Another way these events have been mischaracterized is to call them a “coup.” The term appears to be used because any movement of the military against a head of state has been defined and named a coup. But naming is an act of power, a categorization that imposes a certain value system on an event and claims a specific power differential between the namer and the named. The term “coup” is not merely a descriptive term; it carries a moral judgment, implying that a proper democratic process is something only the West and the global North know well and that such a process comes to people in the global South with a user manual, the implication being that if those people don’t simply take and apply it as deemed, they will be told (as Time magazine essentially did) that they are good protesters but the world’s worst democrats. In fact, the term fails to provide any analytical insights. Instead, it clouds the picture by grouping a number of events, all called “coups” into one category. The term “coup” allows the centers of discourse in the global North to identify the events in Egypt with a longer history of colonial and postcolonial events, such that political change happening in Egypt and in the global South is perceived in terms of a continual process of failing states in the postcolonial environment.

The insistence on the term “coup” has to be understood within the context of power relations that exist between the global North and the global South. Naming the events in Egypt a coup is actually a way of reinforcing prevailing forms of authority and reclaiming the higher moral ground. Instead, what we really saw happening in Egypt was a popular uprising on June 30 and a military intervention in July. This is the most accurate description of the events, and it puts them on par with the military intervention in January 2011 that led to Mubarak’s removal. Of course, there were different reasons for the two interventions, and different results, but this is the way that I, and most Egyptians, perceive the events that occurred in the summer of 2013.

POSTSCRIPT—The failure of the Muslim Brotherhood to rule more inclusively and to usher in new political institutions in post-revolution Egypt has dealt a significant blow to political Islam and to its ruling project. It also gave the military the opportunity to capitalize on its stance in June 2013, to claim significant moral and political capital, and to patronize an ultra-nationalist discourse that both justified the atrocious acts of violence against Muslim Brotherhood protesters and supported more authoritarian measures intended to limit the political sphere. As this analysis goes to print, Egyptians will be voting on a new constitution, which was drafted after June 2013 and which is expected to pass with huge margins. Seen in isolation, the new constitution is far more inclusive and representative of different political forces than the one drafted by the Muslim Brotherhood in 2012, though it still leaves a lot to be desired in terms of liberties and civilian control of the military. However, the 2013 constitution is not voted upon in isolation, but rather in conjunction with the ultra-nationalist conservative discourse that threatens to foreclose the political sphere and to use still more brutal force against political opponents. At the same time, the deeper socioeconomic grievances that were at the heart of the protest movement since January 2011 remain unaddressed, and the new system, dominated by the military, does not appear to be able or willing to institute significant reforms that would introduce a more equitable distribution of wealth and provide more sustainable growth. The new government can only survive if it is able to gain people’s confidence, address their demands, and provide a serious process of accountability that guarantees reform and change without the collapse of the entire system. Whether this will happen through the next vote remains to be seen.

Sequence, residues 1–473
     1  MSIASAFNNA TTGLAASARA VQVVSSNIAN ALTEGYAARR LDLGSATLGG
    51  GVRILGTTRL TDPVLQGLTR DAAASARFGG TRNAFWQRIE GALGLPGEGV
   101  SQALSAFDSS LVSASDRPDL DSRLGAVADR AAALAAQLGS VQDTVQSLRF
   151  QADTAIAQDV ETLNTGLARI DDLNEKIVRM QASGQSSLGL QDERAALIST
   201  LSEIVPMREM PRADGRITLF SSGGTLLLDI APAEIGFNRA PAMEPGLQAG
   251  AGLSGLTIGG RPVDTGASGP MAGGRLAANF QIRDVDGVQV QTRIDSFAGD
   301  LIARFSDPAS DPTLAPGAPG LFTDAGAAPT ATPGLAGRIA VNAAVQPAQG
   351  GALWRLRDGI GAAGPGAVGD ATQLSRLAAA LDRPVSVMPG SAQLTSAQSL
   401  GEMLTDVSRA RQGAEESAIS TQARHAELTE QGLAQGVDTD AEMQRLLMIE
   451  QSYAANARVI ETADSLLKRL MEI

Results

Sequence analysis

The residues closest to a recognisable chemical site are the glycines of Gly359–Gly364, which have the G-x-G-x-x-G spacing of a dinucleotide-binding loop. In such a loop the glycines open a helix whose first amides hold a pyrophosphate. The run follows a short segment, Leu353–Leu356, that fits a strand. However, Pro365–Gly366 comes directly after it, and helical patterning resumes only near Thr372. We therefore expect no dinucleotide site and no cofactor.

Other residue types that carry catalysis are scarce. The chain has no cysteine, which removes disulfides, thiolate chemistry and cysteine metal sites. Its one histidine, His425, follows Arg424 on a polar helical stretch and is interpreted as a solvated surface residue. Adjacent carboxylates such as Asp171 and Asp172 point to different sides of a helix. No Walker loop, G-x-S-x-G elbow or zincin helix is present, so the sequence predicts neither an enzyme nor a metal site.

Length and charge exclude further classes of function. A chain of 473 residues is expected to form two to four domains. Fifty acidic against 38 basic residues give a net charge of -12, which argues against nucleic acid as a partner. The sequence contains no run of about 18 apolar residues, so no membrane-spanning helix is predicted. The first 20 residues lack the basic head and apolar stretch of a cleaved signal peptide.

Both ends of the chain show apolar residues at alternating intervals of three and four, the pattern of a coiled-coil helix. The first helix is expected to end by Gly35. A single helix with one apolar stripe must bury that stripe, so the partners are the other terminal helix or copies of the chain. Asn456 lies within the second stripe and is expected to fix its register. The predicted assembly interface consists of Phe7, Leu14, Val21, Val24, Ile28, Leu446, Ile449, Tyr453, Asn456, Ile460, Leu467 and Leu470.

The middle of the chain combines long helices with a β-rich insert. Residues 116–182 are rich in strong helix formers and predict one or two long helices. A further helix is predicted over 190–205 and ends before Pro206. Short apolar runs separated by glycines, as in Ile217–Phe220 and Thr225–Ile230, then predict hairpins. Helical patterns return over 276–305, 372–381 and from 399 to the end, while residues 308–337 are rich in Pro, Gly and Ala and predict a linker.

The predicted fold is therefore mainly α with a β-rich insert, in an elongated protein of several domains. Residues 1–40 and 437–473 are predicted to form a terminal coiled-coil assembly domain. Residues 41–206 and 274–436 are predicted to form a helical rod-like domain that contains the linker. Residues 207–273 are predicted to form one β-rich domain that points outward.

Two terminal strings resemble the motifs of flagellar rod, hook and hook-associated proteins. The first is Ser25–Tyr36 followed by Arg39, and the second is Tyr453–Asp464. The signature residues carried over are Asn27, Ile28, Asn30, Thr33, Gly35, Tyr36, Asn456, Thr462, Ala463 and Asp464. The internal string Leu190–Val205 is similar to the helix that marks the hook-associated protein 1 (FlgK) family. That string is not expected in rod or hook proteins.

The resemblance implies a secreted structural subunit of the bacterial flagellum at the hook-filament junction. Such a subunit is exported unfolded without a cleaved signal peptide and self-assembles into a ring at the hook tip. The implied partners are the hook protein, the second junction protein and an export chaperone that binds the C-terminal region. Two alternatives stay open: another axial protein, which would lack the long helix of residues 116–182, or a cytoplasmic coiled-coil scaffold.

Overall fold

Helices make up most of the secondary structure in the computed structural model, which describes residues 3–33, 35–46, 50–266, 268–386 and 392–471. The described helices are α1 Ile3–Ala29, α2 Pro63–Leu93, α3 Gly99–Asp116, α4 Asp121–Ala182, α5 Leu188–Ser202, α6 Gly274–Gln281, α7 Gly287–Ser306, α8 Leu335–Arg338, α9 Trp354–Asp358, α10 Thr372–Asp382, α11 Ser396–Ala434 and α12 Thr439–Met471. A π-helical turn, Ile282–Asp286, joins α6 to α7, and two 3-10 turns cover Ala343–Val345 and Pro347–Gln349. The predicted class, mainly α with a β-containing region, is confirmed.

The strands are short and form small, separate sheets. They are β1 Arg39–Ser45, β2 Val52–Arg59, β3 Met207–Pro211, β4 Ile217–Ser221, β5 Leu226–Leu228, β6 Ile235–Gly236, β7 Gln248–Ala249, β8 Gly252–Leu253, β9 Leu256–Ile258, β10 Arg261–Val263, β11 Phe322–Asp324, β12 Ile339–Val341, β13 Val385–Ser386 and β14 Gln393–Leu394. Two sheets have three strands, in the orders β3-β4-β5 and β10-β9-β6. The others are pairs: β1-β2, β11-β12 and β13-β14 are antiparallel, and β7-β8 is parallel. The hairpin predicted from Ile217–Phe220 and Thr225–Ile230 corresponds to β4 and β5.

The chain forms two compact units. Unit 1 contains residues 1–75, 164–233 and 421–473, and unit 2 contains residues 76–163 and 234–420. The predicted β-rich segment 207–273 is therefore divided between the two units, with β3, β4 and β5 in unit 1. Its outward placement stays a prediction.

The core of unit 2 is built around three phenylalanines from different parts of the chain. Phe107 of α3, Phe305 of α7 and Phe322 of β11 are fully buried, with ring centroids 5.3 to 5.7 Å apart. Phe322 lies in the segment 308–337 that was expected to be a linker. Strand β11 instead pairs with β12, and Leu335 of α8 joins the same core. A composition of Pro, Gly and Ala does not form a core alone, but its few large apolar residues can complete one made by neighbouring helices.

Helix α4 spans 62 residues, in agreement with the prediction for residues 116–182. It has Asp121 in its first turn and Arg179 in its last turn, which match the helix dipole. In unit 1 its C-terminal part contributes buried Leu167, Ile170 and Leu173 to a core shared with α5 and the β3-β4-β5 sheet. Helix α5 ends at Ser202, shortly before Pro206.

1. Polls conducted by the Egyptian Center for Public Opinion Research (Baseera).
  2. Egypt has a substantial urban population, estimated by some to be 60 percent of the total population.
  3. Initially, Morsi said that he preferred to be an interim president, resigning after the constitution was written, and he also stated that he preferred the parliamentary system to a presidential system.
  4. Morsi’s first constitutional declaration in August 2012, which gave him powers to remove the unpopular General Tantawi as head of the military forces and to appoint el-Sisi, was largely favorably perceived and didn’t result in protests.
  5. Under Mubarak’s rule, and under SCAF rule, there were also a number of crises related to subsidized bread, subsidized propane, and gasoline.
  6. Morsi had won with 13 million votes, so the idea was that 15 million signatures would signify public impeachment.
  7. The Islamist counter-campaign was poorly organized and was never taken seriously, since it really had no presence in the streets.
  8. Under Morsi’s December 2012 constitution, the military had absolute independence from civilian oversight, with all national security decisions to be made by the SCAF, the president, and the speaker of parliament.
  9. This started with the very first ballot in March 2011, when Islamist leaders in general called the ballot “the battle of the boxes,” using the classical Arabic term that was used for Mohammed’s battle, implying a holy war against the non-Islamists. And during the parliamentary elections, they called the competing party (the Egyptian block) the “Crusaders Block,” again using inflammatory sectarian language.

Ahmed Ragab is the Richard T. Watson Assistant Professor of Science and Religion at Harvard Divinity School. He is a physician, historian, and scholar of the medieval and modern Middle East. This is an edited and revised version of a “Religion in the News” talk Ragab delivered at the Center for the Study of World Religions on September 16, 2013.